Target Health Blog

Hypereosinophilic Syndrome (HES)

April 8, 2019

Rare Diseases

We are featuring the article below, in part, to applaud the cooperation of the NIH and our friends and colleagues at AstraZeneca.

Target Health will be meeting with FDA at the end of May and beginning of June for 2 very exciting programs in rare diseases; and more to follow.

Hypereosinophilic syndrome (HES) refers to a rare group of conditions that are associated with persistent eosinophilia with evidence of organ involvement. Signs and symptoms vary significantly based on which parts of the body are affected. Although any organ system can be involved in HES, the heart, central nervous system, skin, and respiratory tract are the most commonly affected. The condition was originally thought to be “idiopathic“ or of unknown cause. However, recent advances in diagnostic testing have allowed a cause to be identified in approximately a quarter of cases. While most people have 0 to 500 eosinophils per microliter (uL) of blood, people with HES typically have more than 1,500 eosinophils/uL. The symptoms of HES vary widely from one patient to the next and can affect the heart, lungs, skin, gastrointestinal tract, central nervous system and other organ systems. Nearly all existing therapies for HES involve drugs that are not specifically approved for treating the syndromes, have significant side effects and sometimes become less effective over time.

The study reported below was only the second randomized, placebo-controlled trial  to test the effectiveness of a drug specifically for treating HES. This finding comes from a small clinical trial led by scientists at the National Institute of Allergy and Infectious Diseases (NIAID), and conducted through a partnership with the global biopharmaceutical company AstraZeneca. The results were published online in the New England Journal of Medicine (3 April 2019).

The medication tested in this Phase 2 clinical trial is benralizumab, also known by the brand name Fasenra. It consists of an antibody that binds to a protein, called IL-5 receptor a, found on the surface of eosinophils. It is hypothesized that once this binding takes place, immune cells called natural killer cells approach and destroy the eosinophils. In an earlier clinical trial, benralizumab safely improved the symptoms of people who have a form of asthma associated with an excess of eosinophils in the lungs. Subsequently, the FDA approved the drug for treating this condition, called severe eosinophilic asthma.

The NIAID trial involved 20 people with severe forms of HES who had at least 1,000 eosinophils/?L of blood when they enrolled in the study and whose condition had been stable on other HES therapies for at least a month before enrolling. These study participants all lacked a genetic marker associated with a type of HES that responds to treatment with a different drug. All study visits took place at the NIH Clinical Center in Bethesda, Maryland. The trial had three phases over a period of 48 weeks. At the start of the first phase, which lasted 12 weeks, study participants were assigned at random to receive either 30 mg of benralizumab or a placebo solution through an injection under the skin once every 4 weeks while continuing to take their current HES therapy. Neither the participants nor the investigators knew who was receiving the study drug or what the participants' eosinophil counts were during this first phase. In the second phase, which lasted from week 12 to week 24, all study participants were given 30 mg of benralizumab through an injection under the skin once every 4 weeks. Eosinophil counts were revealed beginning at week 13, and participants could taper their original HES therapy if doing so was tolerable. During the third phase, those participants whose symptoms or eosinophil counts had improved by week 24 could continue receiving benralizumab until week 48.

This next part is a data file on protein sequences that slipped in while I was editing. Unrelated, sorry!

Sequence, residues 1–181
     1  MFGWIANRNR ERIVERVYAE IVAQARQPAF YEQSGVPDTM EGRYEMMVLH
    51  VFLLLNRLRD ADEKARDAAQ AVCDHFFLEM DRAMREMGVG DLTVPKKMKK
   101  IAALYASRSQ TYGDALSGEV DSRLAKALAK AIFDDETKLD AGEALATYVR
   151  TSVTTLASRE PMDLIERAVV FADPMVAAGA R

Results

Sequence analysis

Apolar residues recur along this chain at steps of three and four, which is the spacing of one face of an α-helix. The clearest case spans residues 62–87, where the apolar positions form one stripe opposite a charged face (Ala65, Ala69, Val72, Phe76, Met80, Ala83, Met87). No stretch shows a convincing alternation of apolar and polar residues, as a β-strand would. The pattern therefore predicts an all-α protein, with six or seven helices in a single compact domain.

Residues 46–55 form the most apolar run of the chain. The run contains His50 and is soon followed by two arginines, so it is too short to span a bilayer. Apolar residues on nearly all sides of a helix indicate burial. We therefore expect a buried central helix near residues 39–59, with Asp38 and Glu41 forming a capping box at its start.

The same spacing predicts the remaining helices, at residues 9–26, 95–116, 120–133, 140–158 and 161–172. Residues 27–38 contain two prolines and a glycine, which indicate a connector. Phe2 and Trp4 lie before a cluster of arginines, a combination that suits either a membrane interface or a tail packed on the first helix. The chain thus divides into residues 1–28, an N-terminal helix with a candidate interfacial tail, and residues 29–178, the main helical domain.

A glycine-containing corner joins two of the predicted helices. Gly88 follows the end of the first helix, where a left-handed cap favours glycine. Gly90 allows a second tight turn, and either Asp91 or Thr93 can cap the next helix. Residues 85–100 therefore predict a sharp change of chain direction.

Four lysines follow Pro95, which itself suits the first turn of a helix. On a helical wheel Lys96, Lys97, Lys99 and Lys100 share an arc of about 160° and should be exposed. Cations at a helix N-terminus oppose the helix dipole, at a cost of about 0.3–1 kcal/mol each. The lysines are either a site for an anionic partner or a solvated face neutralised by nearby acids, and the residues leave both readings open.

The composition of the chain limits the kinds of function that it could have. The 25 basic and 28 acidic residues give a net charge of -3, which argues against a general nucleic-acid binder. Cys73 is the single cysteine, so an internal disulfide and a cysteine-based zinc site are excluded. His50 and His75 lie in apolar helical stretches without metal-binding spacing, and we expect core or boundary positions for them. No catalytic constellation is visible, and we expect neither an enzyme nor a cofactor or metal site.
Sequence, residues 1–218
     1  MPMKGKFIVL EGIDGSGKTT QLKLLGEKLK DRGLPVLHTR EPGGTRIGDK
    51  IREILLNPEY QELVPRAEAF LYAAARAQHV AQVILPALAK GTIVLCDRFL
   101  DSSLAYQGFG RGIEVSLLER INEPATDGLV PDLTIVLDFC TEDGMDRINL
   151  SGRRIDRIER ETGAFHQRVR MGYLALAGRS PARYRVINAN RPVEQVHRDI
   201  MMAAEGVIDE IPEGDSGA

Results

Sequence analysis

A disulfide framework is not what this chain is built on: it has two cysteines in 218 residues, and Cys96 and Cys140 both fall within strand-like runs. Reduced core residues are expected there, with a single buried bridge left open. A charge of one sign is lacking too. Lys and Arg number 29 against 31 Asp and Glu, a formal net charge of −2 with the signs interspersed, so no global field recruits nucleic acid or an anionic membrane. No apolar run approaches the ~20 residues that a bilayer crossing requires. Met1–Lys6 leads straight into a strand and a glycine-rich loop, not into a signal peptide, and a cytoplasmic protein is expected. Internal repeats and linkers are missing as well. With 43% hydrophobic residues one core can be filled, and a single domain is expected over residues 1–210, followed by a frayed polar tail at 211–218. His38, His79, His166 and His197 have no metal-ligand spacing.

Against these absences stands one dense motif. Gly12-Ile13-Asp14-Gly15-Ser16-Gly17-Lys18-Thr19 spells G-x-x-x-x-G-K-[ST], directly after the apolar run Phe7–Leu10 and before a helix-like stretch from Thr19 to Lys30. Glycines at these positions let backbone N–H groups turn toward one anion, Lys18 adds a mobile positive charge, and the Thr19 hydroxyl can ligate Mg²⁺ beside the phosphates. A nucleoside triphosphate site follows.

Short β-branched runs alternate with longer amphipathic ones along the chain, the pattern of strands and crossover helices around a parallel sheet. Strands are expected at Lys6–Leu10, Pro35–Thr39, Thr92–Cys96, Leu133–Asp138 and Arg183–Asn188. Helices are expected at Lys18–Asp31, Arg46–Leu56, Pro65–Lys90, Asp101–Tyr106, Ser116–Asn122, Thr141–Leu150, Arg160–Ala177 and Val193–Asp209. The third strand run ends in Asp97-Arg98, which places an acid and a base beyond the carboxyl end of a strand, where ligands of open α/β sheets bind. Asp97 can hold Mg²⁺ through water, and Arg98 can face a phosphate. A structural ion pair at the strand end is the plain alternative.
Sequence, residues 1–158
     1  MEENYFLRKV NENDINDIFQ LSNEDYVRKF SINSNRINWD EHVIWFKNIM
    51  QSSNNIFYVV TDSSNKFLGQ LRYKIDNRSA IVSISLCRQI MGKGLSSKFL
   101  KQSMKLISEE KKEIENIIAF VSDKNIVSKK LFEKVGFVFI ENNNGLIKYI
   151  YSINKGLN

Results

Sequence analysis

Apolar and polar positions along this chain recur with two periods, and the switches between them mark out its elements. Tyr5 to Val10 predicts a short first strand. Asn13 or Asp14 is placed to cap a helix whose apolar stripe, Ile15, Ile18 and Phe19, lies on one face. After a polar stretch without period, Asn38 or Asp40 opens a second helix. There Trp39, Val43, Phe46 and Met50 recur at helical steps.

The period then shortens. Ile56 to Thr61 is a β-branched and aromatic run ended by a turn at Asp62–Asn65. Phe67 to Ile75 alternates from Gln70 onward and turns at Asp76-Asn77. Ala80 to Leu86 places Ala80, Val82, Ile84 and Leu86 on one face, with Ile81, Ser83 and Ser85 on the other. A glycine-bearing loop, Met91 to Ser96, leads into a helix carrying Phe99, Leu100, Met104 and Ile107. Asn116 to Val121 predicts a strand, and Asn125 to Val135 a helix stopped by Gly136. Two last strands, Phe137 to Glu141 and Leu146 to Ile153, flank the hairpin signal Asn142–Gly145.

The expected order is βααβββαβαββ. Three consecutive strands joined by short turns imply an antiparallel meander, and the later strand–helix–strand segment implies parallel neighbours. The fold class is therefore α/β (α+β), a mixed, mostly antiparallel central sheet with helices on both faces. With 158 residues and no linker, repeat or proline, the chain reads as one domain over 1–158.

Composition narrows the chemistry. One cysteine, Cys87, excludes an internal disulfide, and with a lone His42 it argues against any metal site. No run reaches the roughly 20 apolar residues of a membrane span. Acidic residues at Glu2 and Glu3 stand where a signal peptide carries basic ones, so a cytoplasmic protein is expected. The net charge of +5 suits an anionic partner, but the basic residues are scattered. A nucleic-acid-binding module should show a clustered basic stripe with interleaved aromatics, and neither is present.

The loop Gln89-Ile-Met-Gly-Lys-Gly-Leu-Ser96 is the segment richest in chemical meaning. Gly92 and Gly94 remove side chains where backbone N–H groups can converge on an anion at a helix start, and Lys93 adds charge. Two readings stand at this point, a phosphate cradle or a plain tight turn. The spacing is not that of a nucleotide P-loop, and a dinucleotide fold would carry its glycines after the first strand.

Results showed that at the end of the first phase, blood eosinophil levels were undetectable in nine of the 10 participants who received benralizumab and had declined by 50% or more in three of the 10 participants who received the placebo. While the use of an immunosuppressive drug explained why eosinophil counts declined in one of the placebo recipients, the reason for the decline in the other two placebo recipients is unknown. After at least 12 weeks of benralizumab therapy during the first phase, second phase or both, 17 of 19 participants had undetectable levels of eosinophils in the blood and a reduction in HES-related symptoms, with few or no side effects. (One person withdrew from the study at week 6 for logistical reasons.) These beneficial responses lasted through the end of the third phase in 14 of 19 participants, (74%). Nine of those 14 participants (64%) were able to taper off other HES therapies during the third phase. The 14 participants continued taking benralizumab for another year after completing the third phase. In addition, eosinophils were undetectable in the bone marrow of nine of the 10 participants in the treatment group in the first phase, and in the tissue of all eight participants whose tissue was tested at the end of the second phase.

A larger placebo-controlled trial of benralizumab for treating HES is needed to confirm these results, according to the study investigators.

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